At the “Looking Back, Moving Forward” exhibit opening at the Fullerton Museum, there were many beautiful art pieces.
As you enter the gallery, you see the first painting on canvas by Elise Acosta. It is entitled “No Escape,” depicting her estrangement from her father, who was once supportive of her art career. The woman is encased in a bubble reaching upward. Elise said “that her world was turned upside down and she had no way to get back” during this time. Perhaps her painting had been therapeutic, and today there will be one in which the woman is out of the bubble, for she reconciled with her father before his death.
It’s exciting to view the art of women such as Sharon Kennedy’s “More than Flowers Needed this Time,” Donna Edman’s photos from her book “Wisdom of Women,” and 93-year-old artist Fay Colman’s “Flower,” among many others. The art exhibit is open until August 16th, so go to see it.
I ran into Walter Clark at the exhibit at the Fullerton Museum, and he questioned me about my dream article. He said, “When is it time to give up one’s dreams?” I think about the time when my friends and colleagues Delia, Alex, Randy, and I had a dream about a program to combat bullying in schools.
This program encompassed working with those being bullied and those who were bullies. We called ourselves the Center for Social Integrity. I was teaching a class at the University of Southern California consisting of doctorate students who were superintendents and principals of high schools, and we presented our idea to them. Unfortunately, our dream did not come to fruition, primarily due to a lack of financial support from the schools. Not only were we without money, but we were tired, and family obligations took precedence. It died on the vine, so to speak. It is sad because bullying is still a problem, and nothing much has been done about it, even as our previous first lady declared bullying her project.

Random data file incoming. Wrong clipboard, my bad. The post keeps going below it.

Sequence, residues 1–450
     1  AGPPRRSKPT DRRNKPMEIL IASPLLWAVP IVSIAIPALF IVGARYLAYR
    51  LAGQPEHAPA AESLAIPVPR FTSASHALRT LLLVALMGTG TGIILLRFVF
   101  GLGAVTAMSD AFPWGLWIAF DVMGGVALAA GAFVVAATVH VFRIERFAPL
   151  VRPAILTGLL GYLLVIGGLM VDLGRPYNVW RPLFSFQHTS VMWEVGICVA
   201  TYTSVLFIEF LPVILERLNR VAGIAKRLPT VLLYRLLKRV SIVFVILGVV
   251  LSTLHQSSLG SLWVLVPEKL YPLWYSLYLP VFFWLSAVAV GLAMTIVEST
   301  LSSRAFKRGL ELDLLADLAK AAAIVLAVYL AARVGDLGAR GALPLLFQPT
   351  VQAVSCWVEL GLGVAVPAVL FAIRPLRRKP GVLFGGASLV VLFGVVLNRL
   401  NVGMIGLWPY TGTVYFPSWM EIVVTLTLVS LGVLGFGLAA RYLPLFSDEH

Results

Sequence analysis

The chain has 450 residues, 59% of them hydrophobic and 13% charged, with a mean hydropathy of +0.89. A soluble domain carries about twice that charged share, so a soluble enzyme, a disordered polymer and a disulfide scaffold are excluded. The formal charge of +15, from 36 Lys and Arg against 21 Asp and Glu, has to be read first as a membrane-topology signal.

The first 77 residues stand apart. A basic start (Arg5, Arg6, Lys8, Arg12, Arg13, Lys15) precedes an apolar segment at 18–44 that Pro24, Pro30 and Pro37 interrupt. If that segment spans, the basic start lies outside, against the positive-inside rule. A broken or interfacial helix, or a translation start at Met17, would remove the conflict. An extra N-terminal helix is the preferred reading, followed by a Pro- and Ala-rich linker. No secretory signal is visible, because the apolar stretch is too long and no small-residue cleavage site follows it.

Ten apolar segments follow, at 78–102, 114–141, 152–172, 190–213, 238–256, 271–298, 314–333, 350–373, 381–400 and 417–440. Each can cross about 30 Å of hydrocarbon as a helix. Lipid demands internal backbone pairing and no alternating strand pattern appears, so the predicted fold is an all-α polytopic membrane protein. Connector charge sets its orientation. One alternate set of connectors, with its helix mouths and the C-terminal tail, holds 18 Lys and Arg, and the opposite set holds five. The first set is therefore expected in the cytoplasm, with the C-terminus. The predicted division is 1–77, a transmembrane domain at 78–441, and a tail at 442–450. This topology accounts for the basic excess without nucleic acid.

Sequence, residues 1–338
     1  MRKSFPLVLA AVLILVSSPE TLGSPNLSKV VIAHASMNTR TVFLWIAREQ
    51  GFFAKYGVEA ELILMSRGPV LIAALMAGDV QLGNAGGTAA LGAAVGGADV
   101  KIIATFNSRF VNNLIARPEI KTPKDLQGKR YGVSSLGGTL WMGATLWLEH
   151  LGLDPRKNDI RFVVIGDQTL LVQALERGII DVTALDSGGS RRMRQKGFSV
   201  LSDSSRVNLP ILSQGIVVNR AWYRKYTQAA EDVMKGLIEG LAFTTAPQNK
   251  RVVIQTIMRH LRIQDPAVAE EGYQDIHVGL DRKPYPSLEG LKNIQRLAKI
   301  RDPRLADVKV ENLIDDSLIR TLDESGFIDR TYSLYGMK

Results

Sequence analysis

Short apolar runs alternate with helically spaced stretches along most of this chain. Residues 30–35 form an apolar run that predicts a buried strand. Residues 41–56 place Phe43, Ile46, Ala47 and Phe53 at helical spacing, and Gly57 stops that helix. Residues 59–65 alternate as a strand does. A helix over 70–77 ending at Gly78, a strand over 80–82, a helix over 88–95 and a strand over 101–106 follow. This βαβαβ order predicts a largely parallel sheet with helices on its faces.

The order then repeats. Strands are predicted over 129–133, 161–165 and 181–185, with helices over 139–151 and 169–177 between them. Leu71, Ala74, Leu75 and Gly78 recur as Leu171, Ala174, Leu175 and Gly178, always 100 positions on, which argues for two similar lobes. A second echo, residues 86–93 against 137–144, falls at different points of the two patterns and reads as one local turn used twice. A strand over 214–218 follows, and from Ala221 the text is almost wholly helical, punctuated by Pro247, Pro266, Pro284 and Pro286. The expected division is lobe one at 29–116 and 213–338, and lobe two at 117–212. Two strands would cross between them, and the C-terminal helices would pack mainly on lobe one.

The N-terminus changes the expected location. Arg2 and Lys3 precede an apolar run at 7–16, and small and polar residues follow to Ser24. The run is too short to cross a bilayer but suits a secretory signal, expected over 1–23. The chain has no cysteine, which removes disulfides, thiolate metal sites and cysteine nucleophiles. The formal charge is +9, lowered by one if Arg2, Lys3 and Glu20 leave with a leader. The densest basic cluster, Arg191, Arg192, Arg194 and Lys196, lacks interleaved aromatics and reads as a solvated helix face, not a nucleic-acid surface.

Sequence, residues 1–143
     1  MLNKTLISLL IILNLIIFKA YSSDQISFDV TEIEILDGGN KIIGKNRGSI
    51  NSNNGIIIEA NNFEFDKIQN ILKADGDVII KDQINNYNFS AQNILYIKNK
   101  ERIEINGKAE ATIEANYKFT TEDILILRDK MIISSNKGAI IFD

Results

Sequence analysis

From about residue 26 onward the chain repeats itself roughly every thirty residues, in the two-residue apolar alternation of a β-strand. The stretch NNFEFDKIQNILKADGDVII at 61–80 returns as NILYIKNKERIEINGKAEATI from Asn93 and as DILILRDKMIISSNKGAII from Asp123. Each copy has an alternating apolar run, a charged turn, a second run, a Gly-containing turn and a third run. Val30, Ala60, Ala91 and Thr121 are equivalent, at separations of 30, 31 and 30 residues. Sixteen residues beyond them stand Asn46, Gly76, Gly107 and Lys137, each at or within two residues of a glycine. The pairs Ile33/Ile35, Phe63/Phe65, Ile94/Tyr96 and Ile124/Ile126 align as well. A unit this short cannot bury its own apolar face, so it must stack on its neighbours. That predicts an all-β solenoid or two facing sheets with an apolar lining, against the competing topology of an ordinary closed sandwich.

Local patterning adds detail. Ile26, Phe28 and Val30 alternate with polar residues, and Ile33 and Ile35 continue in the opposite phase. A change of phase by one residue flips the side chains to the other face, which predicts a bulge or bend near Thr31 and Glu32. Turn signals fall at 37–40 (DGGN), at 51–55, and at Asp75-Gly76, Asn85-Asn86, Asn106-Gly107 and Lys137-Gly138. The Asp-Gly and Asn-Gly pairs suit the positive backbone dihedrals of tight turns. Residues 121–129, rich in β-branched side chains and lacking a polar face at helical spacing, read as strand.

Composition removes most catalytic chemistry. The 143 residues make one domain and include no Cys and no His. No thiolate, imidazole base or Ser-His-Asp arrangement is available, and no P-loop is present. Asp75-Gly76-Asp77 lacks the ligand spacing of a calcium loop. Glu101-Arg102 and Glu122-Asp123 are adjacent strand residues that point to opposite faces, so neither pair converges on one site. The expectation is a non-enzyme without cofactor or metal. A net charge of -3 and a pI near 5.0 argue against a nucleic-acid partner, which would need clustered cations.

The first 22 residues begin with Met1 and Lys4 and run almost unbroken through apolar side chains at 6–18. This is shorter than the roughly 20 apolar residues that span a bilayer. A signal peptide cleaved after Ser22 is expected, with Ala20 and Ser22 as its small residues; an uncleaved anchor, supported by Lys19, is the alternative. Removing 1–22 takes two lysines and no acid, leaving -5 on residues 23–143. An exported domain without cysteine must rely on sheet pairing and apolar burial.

Reflecting on our time together working at the Center of Social Integrity, it was a particular time of working together and forming long-term relationships. There was the unity of having a shared dream and trying to make it come true.
I asked Walter if he ever had a dream. He said he wanted to provide useful products to people. He spent a year trying to build a telescope and gave up that dream due to finances. Then there was his idea of a computer language curriculum. Ten other patents followed, which never went into production or became profitable. However, Walter valued the time he spent working on his ideas and said that the inventing process was the most fun in his engineering career.
I read that the statistics of inventors whose dreams come true is only about 5 percent. What about the artists who lived in poverty and were never recognized for their art? What drove them? I also think about the dreams of those artists whose artwork is displayed in the Fullerton Museum. Can dreams become an addiction, like believing you will strike it rich by winning the lottery? I conclude that if dreams become financially maladaptive and negatively affect the creator, their family, and their friends, perhaps they should be given up. However, if there is joy in these pursuits, keep dreaming.
An interesting anecdote about dreams is from Brene Brown’s book, Atlas of the Heart. “When someone shares their hopes and dreams with us, we are witnessing deep courage and vulnerability. Celebrating their successes is easy, but when disappointment happens, it’s an incredible opportunity for meaningful connection.” This reaches the heart and feelings of how we treat our dreamers. Dream on.